Essays on Monetary Economics and International Finance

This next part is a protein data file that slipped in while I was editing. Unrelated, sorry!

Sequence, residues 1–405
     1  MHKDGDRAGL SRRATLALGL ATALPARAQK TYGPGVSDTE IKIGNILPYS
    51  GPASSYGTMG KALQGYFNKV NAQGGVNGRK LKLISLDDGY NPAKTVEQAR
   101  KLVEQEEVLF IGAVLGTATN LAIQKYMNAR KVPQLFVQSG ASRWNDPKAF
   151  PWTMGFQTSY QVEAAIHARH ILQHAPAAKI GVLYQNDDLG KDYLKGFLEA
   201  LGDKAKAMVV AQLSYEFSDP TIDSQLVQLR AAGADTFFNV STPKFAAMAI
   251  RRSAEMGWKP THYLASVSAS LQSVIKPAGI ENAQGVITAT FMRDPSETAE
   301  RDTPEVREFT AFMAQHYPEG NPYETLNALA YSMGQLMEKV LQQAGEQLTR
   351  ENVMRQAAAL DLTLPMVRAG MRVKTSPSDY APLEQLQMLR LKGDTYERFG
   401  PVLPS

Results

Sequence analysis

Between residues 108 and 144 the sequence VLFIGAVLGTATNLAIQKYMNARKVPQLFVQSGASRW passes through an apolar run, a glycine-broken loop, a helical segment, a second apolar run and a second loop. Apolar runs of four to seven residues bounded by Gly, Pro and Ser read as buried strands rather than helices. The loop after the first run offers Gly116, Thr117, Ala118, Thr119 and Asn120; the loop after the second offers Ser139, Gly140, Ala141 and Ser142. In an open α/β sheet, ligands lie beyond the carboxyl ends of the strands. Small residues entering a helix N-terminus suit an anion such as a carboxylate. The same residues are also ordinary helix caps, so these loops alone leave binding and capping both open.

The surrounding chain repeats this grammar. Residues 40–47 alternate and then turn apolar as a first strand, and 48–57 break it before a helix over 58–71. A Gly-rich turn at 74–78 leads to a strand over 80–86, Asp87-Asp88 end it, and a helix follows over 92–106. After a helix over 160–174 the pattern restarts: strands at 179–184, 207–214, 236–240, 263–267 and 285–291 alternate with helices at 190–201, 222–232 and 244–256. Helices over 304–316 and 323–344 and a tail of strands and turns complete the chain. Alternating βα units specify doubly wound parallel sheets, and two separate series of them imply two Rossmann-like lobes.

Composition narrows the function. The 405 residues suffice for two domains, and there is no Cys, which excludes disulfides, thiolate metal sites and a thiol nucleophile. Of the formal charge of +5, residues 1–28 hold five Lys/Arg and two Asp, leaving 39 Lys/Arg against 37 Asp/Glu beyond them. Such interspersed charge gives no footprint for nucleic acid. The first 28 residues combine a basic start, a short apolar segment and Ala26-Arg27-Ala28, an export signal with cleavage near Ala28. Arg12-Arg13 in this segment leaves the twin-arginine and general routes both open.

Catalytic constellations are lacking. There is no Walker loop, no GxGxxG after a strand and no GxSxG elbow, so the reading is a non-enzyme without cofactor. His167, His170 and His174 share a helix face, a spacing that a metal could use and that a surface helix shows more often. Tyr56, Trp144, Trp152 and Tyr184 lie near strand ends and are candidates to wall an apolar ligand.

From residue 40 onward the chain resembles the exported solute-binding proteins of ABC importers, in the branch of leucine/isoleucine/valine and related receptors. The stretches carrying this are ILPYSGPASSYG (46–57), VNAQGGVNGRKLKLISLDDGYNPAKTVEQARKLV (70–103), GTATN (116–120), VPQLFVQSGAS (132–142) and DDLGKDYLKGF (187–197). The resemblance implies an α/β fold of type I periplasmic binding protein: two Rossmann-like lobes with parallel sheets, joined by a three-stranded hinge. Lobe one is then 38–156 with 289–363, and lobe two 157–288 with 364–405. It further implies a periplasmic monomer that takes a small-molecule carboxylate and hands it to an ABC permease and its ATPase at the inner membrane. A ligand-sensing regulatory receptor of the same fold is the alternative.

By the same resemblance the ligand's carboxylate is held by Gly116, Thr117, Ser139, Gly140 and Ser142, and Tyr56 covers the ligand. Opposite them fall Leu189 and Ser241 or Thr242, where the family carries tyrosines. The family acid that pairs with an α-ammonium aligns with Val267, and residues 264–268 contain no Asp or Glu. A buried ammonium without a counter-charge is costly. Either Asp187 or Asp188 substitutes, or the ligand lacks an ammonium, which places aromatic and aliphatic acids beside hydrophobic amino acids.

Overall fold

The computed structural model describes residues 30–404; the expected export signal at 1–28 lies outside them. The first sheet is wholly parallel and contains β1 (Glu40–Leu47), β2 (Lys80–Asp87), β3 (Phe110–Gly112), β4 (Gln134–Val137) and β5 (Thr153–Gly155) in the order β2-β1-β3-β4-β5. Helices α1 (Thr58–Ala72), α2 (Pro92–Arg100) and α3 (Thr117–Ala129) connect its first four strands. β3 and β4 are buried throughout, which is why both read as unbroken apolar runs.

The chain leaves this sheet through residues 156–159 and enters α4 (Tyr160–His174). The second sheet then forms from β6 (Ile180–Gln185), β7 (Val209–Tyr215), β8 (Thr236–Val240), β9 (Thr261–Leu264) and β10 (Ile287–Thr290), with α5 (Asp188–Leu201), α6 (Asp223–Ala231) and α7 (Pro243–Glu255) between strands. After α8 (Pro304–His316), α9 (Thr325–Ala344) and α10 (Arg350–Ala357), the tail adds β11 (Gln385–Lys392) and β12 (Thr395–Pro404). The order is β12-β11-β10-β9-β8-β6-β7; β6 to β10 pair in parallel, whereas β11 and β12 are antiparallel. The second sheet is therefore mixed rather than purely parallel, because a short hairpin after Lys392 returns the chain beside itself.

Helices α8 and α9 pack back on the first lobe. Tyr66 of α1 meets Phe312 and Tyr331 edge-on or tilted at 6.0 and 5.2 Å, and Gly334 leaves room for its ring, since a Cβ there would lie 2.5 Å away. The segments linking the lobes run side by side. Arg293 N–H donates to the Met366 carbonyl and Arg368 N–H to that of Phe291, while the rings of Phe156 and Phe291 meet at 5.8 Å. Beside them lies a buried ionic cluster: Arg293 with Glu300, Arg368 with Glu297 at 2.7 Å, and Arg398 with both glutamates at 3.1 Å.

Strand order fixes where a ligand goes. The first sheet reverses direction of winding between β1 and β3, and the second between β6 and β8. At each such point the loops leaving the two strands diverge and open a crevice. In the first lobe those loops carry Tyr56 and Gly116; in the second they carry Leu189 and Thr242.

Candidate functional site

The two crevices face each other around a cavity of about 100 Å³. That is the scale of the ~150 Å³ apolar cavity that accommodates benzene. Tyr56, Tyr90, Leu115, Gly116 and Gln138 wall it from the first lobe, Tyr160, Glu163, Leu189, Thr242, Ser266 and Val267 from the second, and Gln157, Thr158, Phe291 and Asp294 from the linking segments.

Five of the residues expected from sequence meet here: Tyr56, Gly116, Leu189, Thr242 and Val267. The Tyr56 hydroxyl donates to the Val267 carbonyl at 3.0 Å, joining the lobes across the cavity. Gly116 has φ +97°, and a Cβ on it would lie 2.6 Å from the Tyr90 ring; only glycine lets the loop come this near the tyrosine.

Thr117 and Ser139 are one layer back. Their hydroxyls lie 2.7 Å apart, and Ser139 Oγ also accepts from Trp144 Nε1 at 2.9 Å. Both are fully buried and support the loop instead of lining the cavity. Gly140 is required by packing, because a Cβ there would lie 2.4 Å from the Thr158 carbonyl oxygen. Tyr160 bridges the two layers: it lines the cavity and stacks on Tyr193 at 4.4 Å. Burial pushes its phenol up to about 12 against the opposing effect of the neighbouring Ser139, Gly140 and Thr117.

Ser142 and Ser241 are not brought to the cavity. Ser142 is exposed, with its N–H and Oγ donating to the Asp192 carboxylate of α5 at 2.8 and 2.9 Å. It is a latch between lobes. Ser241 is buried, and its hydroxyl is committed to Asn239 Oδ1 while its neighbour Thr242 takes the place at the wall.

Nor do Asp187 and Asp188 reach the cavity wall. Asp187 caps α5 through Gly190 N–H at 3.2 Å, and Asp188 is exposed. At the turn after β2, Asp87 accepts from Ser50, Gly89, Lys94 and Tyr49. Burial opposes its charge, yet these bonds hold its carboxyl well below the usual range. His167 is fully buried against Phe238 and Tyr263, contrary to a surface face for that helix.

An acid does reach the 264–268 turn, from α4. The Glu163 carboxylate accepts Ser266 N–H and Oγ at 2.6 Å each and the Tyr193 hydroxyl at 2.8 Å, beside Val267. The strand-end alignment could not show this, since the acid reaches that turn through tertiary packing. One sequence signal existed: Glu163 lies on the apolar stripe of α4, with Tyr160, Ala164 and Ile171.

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This thesis consists of two chapters. In the first chapter, I study optimal monetary policy rules in a general equilibrium model with financial market imperfections and uncertain business cycles. Earlier consensus view --using models with financial amplification with disturbances that have no direct effect on credit market conditions-- suggests that financial variables should not be assigned an independent role in policy making. Introducing uncertainty, time-variation in cross-sectional dispersion of firms' productive performance, alters this policy prescription. The results show that (i) optimal policy is to dampen the strength of financial amplification by responding to uncertainty (at the expense of creating a mild degree of fluctuations in inflation). (ii) a higher uncertainty makes the planner more willing to relax `financial stress' on the economy. (iii) Credit spreads are a good proxy for uncertainty, and hence, within the class of simple monetary policy rules I consider, a non-negligible interest rate response to credit spreads (32 basis points in response to a 1% change in credit spreads) -together with a strong anti-inflationary stance- achieves the highest aggregate welfare possible. In the second chapter, I study global, regional and idiosyncratic factors in driving the sovereign credit risk premium (as measured by sovereign credit default swaps) for a set of 25 emerging market economies during the last decade. The results show that (i) On average, global and regional factors account for a substantial portion of the movements in sovereign risk premium (of 63% and 21%, respectively). (ii) there exists noticeable heterogeneity in the contribution of factors across the emerging markets. (iii) The (extracted) global factor is best reflected by the VIX (investors' risk sentiment) among the financial market indicators considered. (iv) There are regime changes in the relation between the global factor and the financial market indicators.